Friday, March 9, 2018

Black Moses, by Alain Mabanckou

Staff review by Chris Saliba

Alain Mabanckou's latest novel is a biting satire on political corruption and ideology.

Thirteen-year-old Moses has lived in an orphanage since he was a baby. He never knew his parents. At the orphanage he hangs out with his friend Bonaventure and tries to avoid the bullies. Moses finds parental figures in the kindly Papa Moupelo, the orphanage’s priest and Sabine, a worker who supplies him with books. But both these surrogates are shipped out of the orphanage by the corrupt orphanage director, Dieudonné, who replaces them with his cronies.

Sick of the moral cesspool that is the orphanage’s administration, with its mindless veneration of the Congo’s Marxist government, Moses runs away to the city of Pointe-Noire and lives by his wits. He descends into petty crime, lives with a plucky brothel Madam and sinks to eating cat and dog meat to get by. Things don’t improve. Moses finds himself continually mired in poverty and the novel ends with him reaching the age of forty, nursing a serious mental illness.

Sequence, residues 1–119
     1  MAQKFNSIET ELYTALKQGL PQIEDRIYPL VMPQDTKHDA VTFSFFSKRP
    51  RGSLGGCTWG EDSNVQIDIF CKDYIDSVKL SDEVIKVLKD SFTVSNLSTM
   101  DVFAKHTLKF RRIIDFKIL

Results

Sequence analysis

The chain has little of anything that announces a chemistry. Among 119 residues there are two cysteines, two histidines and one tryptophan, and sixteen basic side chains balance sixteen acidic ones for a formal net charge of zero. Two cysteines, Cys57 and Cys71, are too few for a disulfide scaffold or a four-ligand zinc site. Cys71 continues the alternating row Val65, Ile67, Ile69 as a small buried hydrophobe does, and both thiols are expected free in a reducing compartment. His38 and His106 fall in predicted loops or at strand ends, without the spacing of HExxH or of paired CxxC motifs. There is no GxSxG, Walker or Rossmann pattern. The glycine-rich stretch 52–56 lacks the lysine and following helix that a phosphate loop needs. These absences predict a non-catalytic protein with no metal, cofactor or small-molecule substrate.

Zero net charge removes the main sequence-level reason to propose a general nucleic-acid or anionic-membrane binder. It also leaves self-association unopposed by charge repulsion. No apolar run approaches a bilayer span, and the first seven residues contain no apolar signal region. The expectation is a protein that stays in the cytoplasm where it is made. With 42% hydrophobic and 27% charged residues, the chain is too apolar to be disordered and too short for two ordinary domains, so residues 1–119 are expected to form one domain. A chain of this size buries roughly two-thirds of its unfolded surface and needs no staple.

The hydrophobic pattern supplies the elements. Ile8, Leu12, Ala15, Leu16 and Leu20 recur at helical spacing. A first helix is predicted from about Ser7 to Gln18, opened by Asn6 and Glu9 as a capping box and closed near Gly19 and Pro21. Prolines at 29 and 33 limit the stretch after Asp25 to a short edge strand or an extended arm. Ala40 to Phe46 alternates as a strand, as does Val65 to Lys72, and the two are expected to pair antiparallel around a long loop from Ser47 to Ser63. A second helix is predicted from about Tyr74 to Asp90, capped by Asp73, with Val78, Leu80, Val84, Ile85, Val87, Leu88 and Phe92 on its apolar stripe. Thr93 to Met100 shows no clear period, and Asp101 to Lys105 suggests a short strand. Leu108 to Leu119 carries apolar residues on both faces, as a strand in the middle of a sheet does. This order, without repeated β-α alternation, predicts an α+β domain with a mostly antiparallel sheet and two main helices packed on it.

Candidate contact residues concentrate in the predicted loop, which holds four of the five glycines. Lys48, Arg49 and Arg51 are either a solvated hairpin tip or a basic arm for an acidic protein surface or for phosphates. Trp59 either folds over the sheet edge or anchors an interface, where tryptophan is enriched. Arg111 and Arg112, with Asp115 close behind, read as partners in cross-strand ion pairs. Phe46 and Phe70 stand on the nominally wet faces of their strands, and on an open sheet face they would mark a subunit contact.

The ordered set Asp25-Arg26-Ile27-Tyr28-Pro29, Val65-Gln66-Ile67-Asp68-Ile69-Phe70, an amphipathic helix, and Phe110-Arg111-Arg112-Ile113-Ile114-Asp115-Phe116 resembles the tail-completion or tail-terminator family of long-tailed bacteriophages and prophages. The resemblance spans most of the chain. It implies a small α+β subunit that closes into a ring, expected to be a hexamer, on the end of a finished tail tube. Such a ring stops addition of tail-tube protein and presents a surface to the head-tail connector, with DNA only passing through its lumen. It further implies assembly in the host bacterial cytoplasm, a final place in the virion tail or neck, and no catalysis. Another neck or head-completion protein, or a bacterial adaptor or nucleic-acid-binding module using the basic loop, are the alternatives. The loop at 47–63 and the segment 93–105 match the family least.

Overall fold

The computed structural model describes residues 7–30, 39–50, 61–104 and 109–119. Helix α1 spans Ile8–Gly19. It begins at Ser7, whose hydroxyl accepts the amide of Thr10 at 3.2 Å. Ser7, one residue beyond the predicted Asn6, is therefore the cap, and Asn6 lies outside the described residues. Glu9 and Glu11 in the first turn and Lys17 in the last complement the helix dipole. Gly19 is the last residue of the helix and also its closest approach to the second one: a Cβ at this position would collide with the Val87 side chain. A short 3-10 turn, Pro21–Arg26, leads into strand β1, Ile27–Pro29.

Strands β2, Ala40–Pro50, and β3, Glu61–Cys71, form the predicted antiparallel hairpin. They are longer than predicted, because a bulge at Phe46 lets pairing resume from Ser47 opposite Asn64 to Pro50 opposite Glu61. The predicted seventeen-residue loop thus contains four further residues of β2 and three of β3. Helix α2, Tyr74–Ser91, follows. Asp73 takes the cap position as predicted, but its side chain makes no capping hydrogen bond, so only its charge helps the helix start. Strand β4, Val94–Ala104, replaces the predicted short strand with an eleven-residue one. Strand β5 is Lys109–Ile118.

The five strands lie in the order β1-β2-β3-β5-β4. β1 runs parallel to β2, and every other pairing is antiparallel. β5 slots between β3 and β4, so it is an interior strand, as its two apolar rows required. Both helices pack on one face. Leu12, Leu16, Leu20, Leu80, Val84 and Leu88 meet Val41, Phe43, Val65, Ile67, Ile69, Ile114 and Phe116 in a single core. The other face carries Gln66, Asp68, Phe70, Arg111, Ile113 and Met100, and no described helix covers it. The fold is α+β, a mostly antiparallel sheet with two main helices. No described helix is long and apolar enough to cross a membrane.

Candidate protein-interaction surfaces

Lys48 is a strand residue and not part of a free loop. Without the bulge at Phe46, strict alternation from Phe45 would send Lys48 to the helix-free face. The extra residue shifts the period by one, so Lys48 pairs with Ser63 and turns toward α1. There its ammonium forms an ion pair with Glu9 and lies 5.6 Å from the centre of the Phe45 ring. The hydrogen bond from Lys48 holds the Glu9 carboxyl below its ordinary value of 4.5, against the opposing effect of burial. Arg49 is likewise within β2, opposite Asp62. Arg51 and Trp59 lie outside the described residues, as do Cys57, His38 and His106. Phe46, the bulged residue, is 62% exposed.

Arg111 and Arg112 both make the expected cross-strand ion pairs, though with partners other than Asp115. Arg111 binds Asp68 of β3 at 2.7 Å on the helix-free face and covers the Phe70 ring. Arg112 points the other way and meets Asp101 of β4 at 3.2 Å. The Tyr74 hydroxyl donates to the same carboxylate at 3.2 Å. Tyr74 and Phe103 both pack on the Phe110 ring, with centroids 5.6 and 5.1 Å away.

It’s hard to categorise Alain Mabanckou’s Black Moses. Its relentlessly bleak but also full of savage humour. The plot, such as it is, runs almost like a dark Alice's Adventures in Wonderland. Moses narrates his own story and his voice is chipper and excitable. He describes so much corruption, violence and degrading poverty in a vivid and mercurial manner, skipping cheerfully over the abyss.

A biting satire that makes you recoil in horror at the truth it must be based on.

Black Moses, by Alain Mabanckou. Published by Serpent's Tail. ISBN: 9781781256749 RRP: $19.99

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